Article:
One of the bigger, and more heartening, surprises of the past year was just how fervently it turned out Americans supported health care for low-income people.
Republican politicians, after all, had been running against Obamacare – including its Medicaid expansion and income-based subsidies for buying insurance – from the moment the law passed. And the public appeared to back this agenda: The Affordable Care Act polled terribly.
Yet when push came to shove, and Republicans actually tried to dismantle the health-care law last year, Americans fought back. Hard.
They marched in the streets. They showed up en masse to town halls, shaming and shouting down lawmakers. They jammed congressional offices and phone lines.
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Even Trump voters, in focus groups, said they didn’t want to roll back Medicaid or other health coverage for lower-income people. Mostly, they just wanted in on that sweet, sweet Medicaid deal themselves.
Likewise, in broader polling, a majority of Republicans held favorable views of Medicaid and wanted its funding to hold steady or increase. Sizable minorities even said they supported single-payer or a public option.
Clearly “Obamacare” itself had a branding problem all these years, but on the more substantive question – whether it was government’s role to make sure Americans had health-care coverage – Democrats had won the fight.
Or so it seemed. Republican officials have, a bit less conspicuously than last summer, fought on.
Unable to roll back Obamacare’s health-care expansion legislatively, they’re now doing so administratively, through a series of technical, boring-sounding regulatory changes.
This GOP effort ramped up last week, when the Trump administration began allowing states to erect new barriers to Medicaid eligibility.
In the half-century since Medicaid was first created, eligibility has always been based almost entirely on financial circumstances such as income and assets; the program’s goal, after all, was to help less-well-off Americans obtain medical care. Last week, though, the Trump administration announced that it would start allowing states to impose other requirements on Medicaid recipients, including proof that they are working, looking for work, volunteering or in school.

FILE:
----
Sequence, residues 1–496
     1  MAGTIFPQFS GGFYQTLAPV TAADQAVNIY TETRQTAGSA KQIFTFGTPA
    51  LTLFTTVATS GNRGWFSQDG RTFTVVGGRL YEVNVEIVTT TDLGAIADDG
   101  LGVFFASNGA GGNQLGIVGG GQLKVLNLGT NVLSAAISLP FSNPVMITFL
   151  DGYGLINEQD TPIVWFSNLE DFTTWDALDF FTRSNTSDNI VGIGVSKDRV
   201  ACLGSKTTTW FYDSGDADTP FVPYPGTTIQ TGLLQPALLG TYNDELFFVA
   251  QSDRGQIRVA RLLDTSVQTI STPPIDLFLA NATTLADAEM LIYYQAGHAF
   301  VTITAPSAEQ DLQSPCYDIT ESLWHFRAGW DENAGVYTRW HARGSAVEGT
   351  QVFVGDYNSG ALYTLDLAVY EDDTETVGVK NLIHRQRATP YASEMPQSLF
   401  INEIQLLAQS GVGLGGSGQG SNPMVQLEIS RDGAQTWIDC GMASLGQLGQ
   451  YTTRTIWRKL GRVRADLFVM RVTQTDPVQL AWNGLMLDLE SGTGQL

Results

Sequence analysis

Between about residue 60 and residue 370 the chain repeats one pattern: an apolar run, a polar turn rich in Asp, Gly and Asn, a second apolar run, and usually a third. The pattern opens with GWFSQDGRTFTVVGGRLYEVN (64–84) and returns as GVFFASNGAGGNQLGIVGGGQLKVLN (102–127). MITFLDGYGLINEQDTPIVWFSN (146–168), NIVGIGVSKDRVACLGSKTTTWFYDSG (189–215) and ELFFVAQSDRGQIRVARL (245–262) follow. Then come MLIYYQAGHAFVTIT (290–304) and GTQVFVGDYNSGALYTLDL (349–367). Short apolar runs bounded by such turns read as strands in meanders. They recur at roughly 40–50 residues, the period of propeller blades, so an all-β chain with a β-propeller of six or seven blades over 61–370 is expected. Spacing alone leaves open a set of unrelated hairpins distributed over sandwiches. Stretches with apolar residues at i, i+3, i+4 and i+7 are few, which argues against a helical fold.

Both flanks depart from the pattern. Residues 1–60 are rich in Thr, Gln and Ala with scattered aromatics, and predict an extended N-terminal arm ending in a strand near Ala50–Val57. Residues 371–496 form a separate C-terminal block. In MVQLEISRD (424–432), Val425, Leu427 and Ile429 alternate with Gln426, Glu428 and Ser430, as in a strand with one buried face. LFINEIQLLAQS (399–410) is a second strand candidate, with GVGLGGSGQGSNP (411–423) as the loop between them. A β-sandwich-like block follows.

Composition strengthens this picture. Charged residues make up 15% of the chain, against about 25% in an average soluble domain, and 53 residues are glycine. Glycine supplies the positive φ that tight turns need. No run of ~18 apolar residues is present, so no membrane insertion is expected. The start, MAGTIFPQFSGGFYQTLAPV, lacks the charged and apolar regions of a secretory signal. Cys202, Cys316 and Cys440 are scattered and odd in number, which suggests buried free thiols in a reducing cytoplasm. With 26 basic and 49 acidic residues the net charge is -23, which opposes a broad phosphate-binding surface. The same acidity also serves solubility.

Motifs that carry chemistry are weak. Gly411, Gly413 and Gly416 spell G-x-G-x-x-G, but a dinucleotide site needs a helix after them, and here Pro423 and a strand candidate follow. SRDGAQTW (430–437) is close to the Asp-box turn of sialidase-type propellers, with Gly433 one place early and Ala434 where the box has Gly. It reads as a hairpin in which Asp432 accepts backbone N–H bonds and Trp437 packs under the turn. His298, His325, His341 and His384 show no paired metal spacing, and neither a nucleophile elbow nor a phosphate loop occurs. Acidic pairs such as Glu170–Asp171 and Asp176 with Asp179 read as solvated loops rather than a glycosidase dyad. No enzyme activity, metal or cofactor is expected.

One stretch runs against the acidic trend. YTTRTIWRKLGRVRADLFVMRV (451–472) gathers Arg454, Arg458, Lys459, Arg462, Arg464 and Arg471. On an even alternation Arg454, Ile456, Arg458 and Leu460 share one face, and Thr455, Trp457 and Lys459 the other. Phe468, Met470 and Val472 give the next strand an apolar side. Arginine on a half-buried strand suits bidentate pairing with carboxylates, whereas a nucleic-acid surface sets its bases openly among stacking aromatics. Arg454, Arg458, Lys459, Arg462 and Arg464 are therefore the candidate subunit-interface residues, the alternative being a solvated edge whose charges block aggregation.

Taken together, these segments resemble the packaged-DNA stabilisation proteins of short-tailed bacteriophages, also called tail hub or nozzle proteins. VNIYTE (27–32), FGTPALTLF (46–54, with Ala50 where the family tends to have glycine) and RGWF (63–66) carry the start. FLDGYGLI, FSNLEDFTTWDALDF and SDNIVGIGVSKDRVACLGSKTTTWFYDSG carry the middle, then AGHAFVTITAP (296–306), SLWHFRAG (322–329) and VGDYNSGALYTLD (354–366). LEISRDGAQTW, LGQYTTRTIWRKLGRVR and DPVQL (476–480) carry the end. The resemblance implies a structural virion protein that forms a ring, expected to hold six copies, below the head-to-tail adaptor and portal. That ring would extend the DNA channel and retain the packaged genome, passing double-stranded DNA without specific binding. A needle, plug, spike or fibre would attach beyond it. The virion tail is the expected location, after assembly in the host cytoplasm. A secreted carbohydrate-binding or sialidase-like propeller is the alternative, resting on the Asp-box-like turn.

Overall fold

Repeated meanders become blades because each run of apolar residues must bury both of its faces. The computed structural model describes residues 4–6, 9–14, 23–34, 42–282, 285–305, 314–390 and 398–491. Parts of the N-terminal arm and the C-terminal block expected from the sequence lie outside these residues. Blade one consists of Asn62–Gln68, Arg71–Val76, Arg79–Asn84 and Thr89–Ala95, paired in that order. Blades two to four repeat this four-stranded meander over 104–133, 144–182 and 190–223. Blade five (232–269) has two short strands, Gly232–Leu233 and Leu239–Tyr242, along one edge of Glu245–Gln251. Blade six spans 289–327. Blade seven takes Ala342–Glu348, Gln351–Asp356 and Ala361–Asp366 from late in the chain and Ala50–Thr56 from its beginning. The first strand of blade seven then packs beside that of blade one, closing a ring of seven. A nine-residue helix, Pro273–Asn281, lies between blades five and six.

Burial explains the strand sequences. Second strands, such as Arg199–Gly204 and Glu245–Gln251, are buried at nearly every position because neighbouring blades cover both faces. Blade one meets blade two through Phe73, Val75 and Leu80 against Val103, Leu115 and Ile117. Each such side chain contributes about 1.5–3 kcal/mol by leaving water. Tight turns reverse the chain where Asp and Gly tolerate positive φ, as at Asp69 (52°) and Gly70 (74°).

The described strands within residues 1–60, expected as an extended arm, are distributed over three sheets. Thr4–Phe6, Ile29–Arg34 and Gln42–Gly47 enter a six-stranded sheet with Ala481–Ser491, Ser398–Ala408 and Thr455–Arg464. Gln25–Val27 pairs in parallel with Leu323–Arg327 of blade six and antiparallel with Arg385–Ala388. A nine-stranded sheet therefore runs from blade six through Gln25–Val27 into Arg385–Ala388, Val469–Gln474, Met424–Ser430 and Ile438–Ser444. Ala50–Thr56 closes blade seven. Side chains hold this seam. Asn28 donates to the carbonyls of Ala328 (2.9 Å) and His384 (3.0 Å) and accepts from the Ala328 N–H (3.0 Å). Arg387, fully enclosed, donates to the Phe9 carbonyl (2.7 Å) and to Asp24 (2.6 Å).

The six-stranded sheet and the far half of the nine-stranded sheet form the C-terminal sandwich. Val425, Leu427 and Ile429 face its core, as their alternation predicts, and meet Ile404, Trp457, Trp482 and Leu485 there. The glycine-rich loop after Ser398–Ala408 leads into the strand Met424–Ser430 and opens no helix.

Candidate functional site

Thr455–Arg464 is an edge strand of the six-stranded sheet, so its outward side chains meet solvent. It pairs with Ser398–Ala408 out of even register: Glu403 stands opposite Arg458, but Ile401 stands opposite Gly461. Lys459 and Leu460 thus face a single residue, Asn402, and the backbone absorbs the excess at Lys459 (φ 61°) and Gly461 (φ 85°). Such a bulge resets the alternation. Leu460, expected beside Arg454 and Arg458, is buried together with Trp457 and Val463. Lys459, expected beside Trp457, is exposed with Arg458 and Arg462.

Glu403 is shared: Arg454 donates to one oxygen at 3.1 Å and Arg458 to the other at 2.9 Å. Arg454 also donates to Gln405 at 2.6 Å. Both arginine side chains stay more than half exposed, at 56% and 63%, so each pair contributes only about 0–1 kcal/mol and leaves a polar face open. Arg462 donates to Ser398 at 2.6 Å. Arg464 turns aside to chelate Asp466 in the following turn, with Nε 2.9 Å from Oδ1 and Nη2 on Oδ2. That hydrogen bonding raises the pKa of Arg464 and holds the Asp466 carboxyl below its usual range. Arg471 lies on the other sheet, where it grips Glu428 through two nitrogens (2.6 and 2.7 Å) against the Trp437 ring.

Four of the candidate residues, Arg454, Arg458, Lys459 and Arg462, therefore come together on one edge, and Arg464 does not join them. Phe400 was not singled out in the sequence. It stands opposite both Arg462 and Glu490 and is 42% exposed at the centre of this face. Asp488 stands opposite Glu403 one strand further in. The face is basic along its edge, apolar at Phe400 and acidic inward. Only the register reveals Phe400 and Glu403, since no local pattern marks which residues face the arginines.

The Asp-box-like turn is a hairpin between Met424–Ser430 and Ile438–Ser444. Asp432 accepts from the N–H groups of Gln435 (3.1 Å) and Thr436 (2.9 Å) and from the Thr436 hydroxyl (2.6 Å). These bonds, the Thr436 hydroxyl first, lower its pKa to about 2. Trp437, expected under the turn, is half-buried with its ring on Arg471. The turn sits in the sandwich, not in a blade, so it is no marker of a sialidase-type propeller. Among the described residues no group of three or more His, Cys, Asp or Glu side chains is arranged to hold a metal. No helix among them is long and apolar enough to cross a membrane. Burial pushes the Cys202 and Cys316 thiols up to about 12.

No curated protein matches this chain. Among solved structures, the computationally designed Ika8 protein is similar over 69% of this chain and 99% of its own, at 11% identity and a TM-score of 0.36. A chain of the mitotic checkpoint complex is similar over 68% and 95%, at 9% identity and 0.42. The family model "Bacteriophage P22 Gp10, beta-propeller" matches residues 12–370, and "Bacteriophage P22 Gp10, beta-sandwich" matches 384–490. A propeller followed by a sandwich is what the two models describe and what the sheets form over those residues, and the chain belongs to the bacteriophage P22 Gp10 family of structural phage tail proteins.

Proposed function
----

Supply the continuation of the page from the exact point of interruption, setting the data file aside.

“I was raised with a mind-set to work, give an honest day’s work for an honest day’s pay,” Kentucky Gov. Matt Bevin (R) said at a news conference announcing that his state was the first to receive a waiver allowing Medicaid work requirements. “It’s the very same thinking that we want to bring to people here in Kentucky that are able to participate.”
But there’s no reason to think, in Kentucky or other states itching to add work requirements, that there are legions of Medicaid loafers. Nearly eight in 10 Medicaid-enrolled nonelderly adults already live in working families, and most (60 percent) are working themselves, according to the Kaiser Family Foundation. Most who are not working report major impediments to their ability to get a job, such as illness, disability, school enrollment or caregiving responsibilities.
But that won’t necessarily protect eligible low-income people from being kicked off Medicaid rolls anyway.
Verifying that beneficiaries meet work requirements will impose a huge and costly new administrative burden on states and also on the working poor. As the Trump administration letter approving Kentucky’s work requirements acknowledged, the state’s Medicaid phone lines are already overwhelmed. If working Kentuckians are unable to cut through the red tape, they can get locked out of the system for six months.
The Trump administration argues, somewhat confusingly, that the new work requirements will actually improve public health. Why? Because they’ll encourage more poor people to find jobs, and employed people tend to have fewer health problems.
This likely gets the causality backward, though, given how many Americans report illness as a barrier to getting or keeping a job.
Focus groups and state-level studies have found that Obamacare’s Medicaid expansion helped lower-income people gain work or remain employed; inversely, reducing long-term access to physical, mental and substance-abuse treatment is likely to hurt both health and employment prospects.
If the Trump administration truly wants to help more Americans find jobs – a goal that both parties can surely get behind – there are far more effective tools than taking away health care. Investing in skills, apprenticeships and job-matching services, for instance. Or expanding the earned-income tax credit, a historically bipartisan program curiously absent from the recent tax bill.
Instead, they’re still fixated on dismantling Obamacare, through this backdoor regulatory repeal.
Republicans are counting on the notion that a raft of wonkish-sounding waivers – unlike last year’s splashy, failed Trumpcare legislation – will inspire no riots in the streets, no rowdy town halls, no phone-line-jamming and no mass mobilization to protect health care for the nation’s most vulnerable.
Who wants to prove them wrong?
The Washington Post